Lately I have been posting on Facebook about the First Commandment. This is not to be confused with the judeo-christian First Commandment. I think it was watching a few videos about Russell Brandt's new messiah tour that sparked the idea. In this age of wireless connections how can we know how our digital footprint will affect those yet to come into the world. I thought well if on the very off chance that I become a messianic figurehead to some new sect of religion after I die, I wanted to go on record firmly about what I considered the most important guideline to live one's life.
The First Commandment of Thomas Mooneagle also happens to be the only commandment. It is quite simply summed up as, "Don't be a dick." It really is that simple. Everything else is just filler. The feast of the Mooneagle where you bring out the eagle piñata filled with after dinner mints is just spectacle. The plate spinning rite is a metaphor. Any other ritual, ceremony, or bit of prayer is simply a way to distract the mind long enough to let you receive this great truth. The world doesn't need more teachings. It needs fewer people being cruel to one another.
If I take this ego trip for the full ride and I think I should, it will become apparent that even this simple truth will most likely be obscured in time. Scholars would argue about the literal meanings of "being a dick". Perhaps extreme feminists will take it to mean that men are inferior to women and must be firmly controlled and silenced. Others will perhaps advise self mutilation of the offending male genitalia. Even the enlightened few who know that the "being a dick" refers to behavior will quibble over what constitutes "dickishness". Will dietary restrictions and clothing proscriptions be issued?
This is why I struggle with organized religions. So sure of themselves and their scriptures, trying to define and categorize the infinite using the finite. I am not suggesting that we abolish religion. I do think it is merely a starting point in our exploration into the infinity of consciousness. I have never heard of a deity described in a way that would do infinity justice. Spiritual community is important, but when it becomes too insular it becomes more extreme and judgmental. People begin to selectively apply their beliefs to fit their egoic needs. As we know the ego needs to feel special and likes to compare itself to others (well I do anyways). One of the easiest ways to do this is to make others less worthy than yourself according to your belief structure. In Anne Lamott's book Bird by Bird she wrote one of my favorite quotes of all time, "You can safely assume you've created God in your own image when it turns out that God hates all the same people you do.”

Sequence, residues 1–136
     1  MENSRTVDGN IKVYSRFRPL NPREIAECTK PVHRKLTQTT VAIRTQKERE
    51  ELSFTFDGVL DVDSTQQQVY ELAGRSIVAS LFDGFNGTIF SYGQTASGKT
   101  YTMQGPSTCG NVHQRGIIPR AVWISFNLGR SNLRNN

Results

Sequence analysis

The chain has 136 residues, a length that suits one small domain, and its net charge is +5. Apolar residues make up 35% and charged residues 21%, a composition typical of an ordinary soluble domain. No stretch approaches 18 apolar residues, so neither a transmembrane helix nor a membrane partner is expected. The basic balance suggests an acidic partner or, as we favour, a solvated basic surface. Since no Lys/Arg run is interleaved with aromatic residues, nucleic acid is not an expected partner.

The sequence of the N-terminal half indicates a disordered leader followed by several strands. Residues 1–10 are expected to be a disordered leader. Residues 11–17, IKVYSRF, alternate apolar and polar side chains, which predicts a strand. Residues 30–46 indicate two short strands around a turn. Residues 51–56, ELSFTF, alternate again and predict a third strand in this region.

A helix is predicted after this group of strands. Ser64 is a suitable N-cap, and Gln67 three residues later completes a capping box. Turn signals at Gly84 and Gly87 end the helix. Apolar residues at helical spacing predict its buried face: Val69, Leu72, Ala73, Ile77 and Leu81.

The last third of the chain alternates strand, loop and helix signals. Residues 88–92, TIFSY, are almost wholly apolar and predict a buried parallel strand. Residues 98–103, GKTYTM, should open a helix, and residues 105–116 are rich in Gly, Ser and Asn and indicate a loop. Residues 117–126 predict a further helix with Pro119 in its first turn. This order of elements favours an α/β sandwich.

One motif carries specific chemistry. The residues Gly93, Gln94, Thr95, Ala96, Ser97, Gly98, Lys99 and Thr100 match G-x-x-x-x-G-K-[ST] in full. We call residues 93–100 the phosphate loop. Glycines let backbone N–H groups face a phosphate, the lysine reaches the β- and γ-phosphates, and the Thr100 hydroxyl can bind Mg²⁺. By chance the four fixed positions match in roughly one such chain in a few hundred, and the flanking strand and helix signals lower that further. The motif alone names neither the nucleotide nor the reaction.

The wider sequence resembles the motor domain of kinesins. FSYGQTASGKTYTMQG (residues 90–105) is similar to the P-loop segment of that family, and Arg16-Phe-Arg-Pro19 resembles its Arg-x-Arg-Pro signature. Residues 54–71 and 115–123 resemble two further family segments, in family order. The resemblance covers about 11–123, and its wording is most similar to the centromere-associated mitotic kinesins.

So what does this ego trip of mine into my possible rebirth as a messianic figure have to do with you? Are you taking something too literally? Are you following the form and losing the spirit? Are you making things more complicated than they need to be? Are you being a dick to someone? Are you being clear with your words? In a recent visit to a future potentiality my descendants shared with me a secret, "Be careful what you say for your words are with us still." Given the nature of the internet they may have a point. Ponder these questions and contemplate the possibility of yourself as a holy figure. What message would you leave behind?
Peace and Blessings,